In theory, digital networks make it easy for authors to share their work with readers far and wide. In practice, writers sometimes don’t know what they’re allowed to do with their own books and articles.
What’s permitted under the terms of their publishing contracts, some of which were signed long before digital distribution? Who controls work that’s gone out of print? How can writers balance the desire to reach many readers with the need to earn income, meet tenure-and-promotion expectations, or both?
A new nonprofit group wants to help authors understand all of their options. Called the Authors Alliance, it’s led by several academics and writers, including Pamela Samuelson, a professor of law and information at the University of California at Berkeley. She has long been a major voice in copyright discussions and has been a moving force behind friend-of-the-court briefs filed in closely followed copyright-infringement cases, including a lawsuit that pitted another authors’ group, the Authors Guild, against Google over its mass digitizing of books.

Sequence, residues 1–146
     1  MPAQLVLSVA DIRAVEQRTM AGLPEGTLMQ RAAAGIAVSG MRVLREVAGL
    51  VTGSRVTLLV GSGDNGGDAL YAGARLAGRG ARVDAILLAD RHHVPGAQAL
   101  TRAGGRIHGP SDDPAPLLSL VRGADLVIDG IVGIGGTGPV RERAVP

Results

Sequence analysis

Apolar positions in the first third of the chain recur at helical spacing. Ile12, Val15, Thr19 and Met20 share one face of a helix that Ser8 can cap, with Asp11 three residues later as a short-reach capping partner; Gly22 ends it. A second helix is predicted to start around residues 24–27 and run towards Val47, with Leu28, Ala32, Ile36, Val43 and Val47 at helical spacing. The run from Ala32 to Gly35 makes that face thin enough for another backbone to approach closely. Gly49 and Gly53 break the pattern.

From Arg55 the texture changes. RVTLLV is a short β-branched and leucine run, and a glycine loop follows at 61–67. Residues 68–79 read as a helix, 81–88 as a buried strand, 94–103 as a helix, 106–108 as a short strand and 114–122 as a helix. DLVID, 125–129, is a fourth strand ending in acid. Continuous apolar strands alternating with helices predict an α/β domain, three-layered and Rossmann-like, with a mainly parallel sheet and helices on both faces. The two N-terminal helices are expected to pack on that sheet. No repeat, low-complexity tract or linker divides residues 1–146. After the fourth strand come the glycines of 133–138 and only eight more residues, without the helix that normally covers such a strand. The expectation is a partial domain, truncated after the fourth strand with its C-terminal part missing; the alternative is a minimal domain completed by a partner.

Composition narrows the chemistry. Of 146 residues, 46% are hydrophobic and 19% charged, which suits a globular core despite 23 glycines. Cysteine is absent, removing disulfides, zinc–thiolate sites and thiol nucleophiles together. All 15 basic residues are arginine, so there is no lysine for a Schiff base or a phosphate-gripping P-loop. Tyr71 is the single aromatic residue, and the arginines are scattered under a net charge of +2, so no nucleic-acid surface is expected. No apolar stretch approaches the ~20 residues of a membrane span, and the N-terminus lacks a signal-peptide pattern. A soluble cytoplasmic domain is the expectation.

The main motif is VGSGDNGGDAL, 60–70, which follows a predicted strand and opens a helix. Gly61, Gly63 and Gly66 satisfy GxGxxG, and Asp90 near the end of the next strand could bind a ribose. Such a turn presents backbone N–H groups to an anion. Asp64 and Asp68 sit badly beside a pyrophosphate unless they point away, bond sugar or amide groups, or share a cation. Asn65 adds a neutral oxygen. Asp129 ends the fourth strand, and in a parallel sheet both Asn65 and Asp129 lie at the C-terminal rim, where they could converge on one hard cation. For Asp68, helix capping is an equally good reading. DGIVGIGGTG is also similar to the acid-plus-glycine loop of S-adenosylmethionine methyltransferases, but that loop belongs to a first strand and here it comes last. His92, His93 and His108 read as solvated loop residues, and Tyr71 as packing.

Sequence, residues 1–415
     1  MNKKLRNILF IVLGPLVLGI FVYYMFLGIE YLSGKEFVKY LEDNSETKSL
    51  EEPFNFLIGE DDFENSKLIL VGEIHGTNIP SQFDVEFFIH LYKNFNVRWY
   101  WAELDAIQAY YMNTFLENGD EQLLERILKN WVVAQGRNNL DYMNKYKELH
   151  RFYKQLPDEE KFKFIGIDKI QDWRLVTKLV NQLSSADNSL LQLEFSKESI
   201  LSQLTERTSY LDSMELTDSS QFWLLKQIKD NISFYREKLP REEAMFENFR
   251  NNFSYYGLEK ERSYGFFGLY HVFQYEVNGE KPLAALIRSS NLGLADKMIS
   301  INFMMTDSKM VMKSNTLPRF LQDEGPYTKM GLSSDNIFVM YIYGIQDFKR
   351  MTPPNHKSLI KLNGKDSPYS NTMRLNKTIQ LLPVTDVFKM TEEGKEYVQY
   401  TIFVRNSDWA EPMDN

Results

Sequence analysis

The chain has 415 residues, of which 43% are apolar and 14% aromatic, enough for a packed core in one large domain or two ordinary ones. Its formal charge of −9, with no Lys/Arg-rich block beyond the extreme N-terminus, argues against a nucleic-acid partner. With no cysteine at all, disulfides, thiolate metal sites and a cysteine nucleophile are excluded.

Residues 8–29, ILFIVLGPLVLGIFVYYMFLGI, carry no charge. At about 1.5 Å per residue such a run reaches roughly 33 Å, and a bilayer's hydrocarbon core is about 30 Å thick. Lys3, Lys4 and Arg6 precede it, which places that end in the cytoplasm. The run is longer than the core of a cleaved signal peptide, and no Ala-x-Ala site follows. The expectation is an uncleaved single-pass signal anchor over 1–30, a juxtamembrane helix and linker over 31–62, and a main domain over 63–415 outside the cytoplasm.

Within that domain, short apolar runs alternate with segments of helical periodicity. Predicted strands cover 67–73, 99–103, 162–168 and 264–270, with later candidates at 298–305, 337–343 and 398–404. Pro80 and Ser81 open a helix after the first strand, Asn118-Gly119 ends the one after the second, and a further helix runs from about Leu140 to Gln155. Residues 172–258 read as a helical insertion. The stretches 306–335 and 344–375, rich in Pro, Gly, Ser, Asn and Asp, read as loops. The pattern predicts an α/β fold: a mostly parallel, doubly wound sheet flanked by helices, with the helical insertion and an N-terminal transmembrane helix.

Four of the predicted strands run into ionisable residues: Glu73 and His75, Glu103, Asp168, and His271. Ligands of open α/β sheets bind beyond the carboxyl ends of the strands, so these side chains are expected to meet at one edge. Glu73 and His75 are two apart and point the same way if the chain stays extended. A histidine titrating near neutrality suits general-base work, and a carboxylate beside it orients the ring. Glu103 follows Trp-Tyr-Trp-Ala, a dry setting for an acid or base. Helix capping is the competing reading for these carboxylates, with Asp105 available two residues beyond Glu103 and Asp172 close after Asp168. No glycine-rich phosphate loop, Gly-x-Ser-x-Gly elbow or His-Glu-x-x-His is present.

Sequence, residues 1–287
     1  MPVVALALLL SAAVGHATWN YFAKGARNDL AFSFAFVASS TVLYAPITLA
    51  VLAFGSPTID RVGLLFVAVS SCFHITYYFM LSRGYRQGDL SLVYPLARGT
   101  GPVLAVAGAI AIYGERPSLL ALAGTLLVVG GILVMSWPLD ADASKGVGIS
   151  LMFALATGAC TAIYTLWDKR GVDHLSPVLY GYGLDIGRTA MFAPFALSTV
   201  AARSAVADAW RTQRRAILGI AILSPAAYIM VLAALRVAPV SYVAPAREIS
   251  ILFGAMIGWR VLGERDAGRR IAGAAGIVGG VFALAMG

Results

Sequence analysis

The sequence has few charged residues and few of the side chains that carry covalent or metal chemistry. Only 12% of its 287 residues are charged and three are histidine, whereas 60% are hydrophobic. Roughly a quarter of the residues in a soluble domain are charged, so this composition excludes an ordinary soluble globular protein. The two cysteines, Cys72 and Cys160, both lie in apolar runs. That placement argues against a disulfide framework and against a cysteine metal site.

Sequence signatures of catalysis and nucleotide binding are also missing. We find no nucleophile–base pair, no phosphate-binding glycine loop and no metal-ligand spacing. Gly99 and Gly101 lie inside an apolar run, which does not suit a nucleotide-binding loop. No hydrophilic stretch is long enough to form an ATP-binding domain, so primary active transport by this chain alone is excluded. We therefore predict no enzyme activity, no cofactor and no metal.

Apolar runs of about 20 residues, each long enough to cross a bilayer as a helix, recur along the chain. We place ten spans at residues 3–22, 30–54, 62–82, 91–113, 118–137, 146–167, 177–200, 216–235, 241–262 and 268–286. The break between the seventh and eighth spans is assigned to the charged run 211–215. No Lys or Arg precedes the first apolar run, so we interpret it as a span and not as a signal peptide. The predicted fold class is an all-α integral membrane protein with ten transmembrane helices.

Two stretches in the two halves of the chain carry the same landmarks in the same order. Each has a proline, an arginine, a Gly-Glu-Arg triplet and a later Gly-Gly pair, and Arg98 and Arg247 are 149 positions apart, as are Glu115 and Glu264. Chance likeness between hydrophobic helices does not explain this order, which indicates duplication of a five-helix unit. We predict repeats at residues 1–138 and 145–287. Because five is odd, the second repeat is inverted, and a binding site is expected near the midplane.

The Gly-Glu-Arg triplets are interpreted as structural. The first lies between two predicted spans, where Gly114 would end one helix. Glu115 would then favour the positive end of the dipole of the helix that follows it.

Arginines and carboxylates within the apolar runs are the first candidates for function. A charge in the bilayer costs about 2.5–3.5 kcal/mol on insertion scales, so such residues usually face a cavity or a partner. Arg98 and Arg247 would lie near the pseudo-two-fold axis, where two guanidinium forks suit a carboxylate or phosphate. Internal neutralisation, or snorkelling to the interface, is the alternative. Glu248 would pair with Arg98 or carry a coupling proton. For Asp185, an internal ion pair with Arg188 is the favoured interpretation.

The new alliance is part of an attempt to develop a positive agenda around copyright, she says, and to arm writers, and perhaps policy makers, with information that will help them make decisions. <Read more.>